How To Install Linux Apache Mysql Php (LAMP) On Ubuntu

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Linux, Apache, MySQL, and PHP are all open-source technologies that can be used to create powerful web applications. These technologies together power a good chunk of the internet today. The most prominent project that utilizes this technology would be WordPress, but there are even more companies that use LAMP stack such as Wikipedia, Tumblr, Slack, etc.

What is LAMP Stack?

LAMP Stack is a group of open-source tools used to create dynamic websites and web-based applications. The acronym “LAMP” stands for Linux, Apache, MySQL, and PHP.

Linux is the operating system, Apache is the web server, MySQL is the relational database management system (RDBMS), and PHP is the object-oriented scripting language.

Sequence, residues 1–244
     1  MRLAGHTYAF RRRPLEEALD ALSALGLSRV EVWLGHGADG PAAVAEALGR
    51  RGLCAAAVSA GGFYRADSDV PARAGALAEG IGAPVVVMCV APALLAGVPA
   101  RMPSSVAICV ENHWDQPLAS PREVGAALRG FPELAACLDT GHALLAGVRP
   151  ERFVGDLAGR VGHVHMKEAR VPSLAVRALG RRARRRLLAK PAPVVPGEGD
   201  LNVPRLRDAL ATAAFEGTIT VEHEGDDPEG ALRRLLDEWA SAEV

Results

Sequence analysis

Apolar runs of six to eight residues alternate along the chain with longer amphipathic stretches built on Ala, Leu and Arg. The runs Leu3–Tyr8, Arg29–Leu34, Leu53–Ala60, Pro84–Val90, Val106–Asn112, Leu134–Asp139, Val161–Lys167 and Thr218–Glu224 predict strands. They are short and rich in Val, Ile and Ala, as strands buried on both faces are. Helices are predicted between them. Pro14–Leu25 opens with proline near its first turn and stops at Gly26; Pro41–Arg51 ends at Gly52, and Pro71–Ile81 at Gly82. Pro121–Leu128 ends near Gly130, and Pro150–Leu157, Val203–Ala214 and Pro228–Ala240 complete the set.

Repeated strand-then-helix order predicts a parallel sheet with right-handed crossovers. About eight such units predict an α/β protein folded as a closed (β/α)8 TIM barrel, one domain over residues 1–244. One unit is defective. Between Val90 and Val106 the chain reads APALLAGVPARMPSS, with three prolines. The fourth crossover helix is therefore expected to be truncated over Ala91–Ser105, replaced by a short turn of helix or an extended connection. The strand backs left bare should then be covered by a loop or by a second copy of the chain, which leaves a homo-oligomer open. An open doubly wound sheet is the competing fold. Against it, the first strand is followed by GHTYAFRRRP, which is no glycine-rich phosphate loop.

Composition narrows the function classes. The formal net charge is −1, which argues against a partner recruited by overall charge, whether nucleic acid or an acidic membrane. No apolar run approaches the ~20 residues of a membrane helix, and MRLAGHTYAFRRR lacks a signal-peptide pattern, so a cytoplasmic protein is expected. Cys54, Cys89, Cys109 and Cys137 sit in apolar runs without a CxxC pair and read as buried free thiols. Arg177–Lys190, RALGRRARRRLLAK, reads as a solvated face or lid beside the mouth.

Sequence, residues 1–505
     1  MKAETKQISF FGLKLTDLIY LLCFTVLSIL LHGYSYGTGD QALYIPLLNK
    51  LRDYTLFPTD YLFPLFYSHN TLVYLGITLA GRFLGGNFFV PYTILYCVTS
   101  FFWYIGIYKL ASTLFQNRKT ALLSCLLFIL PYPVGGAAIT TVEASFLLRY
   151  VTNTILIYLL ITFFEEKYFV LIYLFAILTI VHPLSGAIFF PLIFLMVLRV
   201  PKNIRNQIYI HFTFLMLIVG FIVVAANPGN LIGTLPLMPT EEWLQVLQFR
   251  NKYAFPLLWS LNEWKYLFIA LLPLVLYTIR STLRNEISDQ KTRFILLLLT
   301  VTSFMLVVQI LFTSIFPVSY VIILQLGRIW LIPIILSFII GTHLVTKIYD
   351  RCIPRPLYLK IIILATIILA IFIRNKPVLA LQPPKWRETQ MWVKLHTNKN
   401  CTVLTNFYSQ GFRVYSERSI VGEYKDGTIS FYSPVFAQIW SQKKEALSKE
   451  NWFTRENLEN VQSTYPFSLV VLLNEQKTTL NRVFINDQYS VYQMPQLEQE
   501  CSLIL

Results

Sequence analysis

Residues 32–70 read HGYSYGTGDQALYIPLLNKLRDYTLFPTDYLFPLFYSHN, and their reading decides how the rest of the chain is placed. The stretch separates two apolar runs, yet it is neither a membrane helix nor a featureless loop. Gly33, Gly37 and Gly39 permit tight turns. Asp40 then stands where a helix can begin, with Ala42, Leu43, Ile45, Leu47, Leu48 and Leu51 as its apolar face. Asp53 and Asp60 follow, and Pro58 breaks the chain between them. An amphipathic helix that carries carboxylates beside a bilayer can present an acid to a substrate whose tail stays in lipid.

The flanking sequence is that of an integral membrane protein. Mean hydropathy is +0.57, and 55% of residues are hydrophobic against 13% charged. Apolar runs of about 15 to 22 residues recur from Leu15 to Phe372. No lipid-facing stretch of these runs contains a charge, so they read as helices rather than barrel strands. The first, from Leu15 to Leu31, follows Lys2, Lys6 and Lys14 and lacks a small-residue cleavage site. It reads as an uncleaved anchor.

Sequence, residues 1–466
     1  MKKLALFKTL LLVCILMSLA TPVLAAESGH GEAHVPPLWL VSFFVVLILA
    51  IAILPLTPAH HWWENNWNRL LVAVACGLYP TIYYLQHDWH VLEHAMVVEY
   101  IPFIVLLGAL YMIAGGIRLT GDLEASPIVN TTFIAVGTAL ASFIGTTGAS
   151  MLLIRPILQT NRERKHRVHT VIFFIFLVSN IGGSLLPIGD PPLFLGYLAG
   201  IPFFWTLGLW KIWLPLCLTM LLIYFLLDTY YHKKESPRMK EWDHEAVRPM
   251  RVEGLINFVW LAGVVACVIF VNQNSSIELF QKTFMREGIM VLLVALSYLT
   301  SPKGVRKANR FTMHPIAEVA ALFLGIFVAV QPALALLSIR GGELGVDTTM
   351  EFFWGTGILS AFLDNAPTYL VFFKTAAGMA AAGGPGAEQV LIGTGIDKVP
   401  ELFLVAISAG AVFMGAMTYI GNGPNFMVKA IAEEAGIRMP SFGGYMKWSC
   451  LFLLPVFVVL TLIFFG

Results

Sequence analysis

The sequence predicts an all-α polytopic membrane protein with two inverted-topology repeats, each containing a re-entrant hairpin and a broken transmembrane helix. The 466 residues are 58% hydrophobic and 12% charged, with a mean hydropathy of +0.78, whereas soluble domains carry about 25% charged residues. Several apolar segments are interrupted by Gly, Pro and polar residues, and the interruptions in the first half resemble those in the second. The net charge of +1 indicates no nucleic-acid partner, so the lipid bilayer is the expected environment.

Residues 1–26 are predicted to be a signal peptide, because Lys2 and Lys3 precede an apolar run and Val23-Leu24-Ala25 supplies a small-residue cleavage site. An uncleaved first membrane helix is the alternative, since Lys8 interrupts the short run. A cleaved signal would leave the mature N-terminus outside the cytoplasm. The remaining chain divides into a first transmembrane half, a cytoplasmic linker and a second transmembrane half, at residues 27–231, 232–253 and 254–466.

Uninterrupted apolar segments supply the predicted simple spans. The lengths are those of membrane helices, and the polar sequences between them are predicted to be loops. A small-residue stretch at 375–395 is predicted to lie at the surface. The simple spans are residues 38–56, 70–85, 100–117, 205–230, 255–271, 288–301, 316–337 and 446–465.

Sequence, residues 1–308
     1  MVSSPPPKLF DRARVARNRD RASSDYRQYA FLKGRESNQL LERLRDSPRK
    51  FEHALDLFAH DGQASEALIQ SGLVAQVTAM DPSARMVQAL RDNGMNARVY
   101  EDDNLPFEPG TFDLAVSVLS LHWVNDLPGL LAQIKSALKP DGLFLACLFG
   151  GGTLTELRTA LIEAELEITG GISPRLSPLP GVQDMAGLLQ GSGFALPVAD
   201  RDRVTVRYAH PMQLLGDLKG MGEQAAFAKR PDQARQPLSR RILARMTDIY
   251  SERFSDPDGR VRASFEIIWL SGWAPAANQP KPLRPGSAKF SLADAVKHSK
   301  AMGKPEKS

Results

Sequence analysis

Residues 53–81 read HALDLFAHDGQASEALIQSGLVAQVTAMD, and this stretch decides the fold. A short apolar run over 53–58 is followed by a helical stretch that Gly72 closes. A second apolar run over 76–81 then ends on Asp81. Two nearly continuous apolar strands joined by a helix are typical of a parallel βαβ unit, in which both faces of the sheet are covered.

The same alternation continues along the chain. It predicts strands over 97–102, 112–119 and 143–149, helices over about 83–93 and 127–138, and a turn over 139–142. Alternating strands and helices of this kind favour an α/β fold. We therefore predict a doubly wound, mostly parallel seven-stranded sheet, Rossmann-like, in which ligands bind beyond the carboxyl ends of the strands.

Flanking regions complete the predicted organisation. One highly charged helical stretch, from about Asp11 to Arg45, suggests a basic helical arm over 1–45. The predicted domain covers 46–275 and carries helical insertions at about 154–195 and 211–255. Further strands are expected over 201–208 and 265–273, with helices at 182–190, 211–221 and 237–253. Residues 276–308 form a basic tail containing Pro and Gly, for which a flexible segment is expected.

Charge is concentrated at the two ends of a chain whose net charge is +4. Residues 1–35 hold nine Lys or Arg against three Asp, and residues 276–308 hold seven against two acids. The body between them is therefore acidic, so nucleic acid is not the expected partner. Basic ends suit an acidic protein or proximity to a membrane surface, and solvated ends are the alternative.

The LAMP Stack is one of the most popular web development platforms because it is free and open source. It is also easy to install and configure.

The Components of the LAMP Stack

Linux is the foundation of the LAMP Stack. It is a free and open-source operating system that is used on servers, desktops, and embedded systems.

  • Apache is the most popular web server in the world. It is free and open-source software that is used to serve web content.
  • MySQL is the most popular open-source database. It is used to store data for websites and applications.
  • PHP is a widely used open-source scripting language. It is used to create dynamic web content and applications.

The Benefits of LAMP Stack

The LAMP Stack is a popular choice for web development because it is free and open source. It is also easy to install and configure. The LAMP Stack provides a stable, secure, and scalable platform for developing websites and web-based applications.

Installing the LAMP Stack

There are various ways to install the LAMP stack, perhaps the quickest way to get up and running with the LAMP Installation is by using the Tasksel command in Linux Terminal.